So. That’s a quick runthrough of the use of typical horror tropes in the film. To move on to explaining how racism is shown and the reasons why it’s shown that way, I’m going to start by using each member of this evil white family to represent an archetype of whiteness.

Let’s start with the Dad, Dean, who is also the surgeon who performs the lobotomies.

He is a white, socially liberal man; the kind of man who feels he needs to reassure Chris that he voted for Obama, because that is certified proof of being Not Racist. The kind of man who would go on holiday to an African country and come back all inspired saying “you know, they’re poor, but they’re happy”. In fact, in this film, Dean says it is “such a privilege” to experience someone else’s culture; and clearly has never thought about whether he should be trying to take a holiday in that culture in the first place.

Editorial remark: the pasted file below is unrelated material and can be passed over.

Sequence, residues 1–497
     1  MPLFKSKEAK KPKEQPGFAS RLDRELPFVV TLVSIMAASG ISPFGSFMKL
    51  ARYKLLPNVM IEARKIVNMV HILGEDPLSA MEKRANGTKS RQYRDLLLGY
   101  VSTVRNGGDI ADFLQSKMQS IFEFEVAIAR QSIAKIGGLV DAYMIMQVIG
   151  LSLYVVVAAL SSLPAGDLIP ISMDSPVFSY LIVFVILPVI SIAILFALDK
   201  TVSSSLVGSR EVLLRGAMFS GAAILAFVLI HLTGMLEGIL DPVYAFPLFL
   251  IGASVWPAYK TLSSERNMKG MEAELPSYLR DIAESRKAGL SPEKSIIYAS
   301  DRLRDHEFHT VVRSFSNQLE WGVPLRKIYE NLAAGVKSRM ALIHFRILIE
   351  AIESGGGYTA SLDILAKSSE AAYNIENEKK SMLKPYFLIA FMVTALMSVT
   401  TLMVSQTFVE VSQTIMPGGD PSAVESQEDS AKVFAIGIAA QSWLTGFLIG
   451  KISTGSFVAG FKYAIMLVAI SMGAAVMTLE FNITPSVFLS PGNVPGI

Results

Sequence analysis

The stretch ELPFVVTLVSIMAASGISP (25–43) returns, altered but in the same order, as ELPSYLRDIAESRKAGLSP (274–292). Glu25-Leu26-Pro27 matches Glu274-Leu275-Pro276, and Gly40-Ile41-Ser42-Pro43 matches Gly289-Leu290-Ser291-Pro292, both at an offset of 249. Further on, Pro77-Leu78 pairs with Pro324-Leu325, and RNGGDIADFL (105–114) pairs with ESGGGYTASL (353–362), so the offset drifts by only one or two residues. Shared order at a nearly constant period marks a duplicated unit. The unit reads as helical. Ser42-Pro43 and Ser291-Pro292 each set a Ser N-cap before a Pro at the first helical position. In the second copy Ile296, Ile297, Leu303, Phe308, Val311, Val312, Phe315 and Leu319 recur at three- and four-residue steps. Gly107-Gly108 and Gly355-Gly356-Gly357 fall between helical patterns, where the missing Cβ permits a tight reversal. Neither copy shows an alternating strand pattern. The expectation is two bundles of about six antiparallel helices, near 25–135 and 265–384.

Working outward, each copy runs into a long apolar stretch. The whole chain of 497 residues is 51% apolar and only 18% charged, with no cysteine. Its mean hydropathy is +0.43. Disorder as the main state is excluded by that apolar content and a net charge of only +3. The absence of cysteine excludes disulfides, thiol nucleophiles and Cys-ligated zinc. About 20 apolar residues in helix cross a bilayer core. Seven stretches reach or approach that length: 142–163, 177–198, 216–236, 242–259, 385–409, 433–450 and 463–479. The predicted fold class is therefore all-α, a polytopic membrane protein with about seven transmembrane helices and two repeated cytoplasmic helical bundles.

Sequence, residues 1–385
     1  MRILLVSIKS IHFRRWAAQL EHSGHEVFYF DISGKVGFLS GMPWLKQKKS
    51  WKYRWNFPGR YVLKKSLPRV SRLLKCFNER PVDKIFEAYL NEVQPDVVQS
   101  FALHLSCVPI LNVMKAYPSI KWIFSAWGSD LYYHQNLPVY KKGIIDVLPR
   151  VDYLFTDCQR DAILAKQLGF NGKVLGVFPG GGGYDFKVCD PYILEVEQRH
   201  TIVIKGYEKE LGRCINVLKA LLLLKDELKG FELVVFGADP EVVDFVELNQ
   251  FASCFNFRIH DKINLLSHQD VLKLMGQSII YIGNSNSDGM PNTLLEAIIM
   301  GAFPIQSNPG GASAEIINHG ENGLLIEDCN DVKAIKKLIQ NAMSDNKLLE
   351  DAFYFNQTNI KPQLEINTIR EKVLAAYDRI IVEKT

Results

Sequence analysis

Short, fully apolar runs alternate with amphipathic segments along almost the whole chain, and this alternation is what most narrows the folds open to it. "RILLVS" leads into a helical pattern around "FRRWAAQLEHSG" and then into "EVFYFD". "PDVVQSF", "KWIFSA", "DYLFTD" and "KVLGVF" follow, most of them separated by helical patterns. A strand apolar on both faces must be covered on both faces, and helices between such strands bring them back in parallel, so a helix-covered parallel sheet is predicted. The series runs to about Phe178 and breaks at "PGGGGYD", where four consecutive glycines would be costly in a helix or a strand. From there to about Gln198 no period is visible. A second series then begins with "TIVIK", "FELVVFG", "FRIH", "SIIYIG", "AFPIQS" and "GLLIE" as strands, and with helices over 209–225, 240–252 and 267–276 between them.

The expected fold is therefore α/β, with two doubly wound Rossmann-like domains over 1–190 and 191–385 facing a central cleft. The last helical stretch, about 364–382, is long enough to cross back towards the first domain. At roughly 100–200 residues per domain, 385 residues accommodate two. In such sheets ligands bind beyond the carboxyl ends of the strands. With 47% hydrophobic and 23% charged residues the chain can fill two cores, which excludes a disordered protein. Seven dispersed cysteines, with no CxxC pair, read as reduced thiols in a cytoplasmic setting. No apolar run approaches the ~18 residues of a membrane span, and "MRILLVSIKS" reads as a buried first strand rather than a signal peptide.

His racism is an infantilising, patronising, ignorant racism that stems from a sense that he knows what’s holding black people back and it is definitely not him; in fact, he knows what’s best for them. I call this archetype The Middle Manager, and it is gender neutral.

To ground this in reality, let me put it this way – he is not a Donald Trump. He is a Tony Blair.

Then we have the mother, who is the hypnotist. And I feel I have to note the merciless way in which she does it; she has no more regard for Chris than she would a mosquito. Once crushed, her job is done. Perhaps he even deserved it.

She is the kind of white woman who will look down at a black woman out alone with children, assuming that this woman is a) the mother of each child, b) that each child has a different father, and c) that the woman is living on benefits – none of which are inherently bad things that anyone should be judged on, but this white woman will go ahead and do so anyway.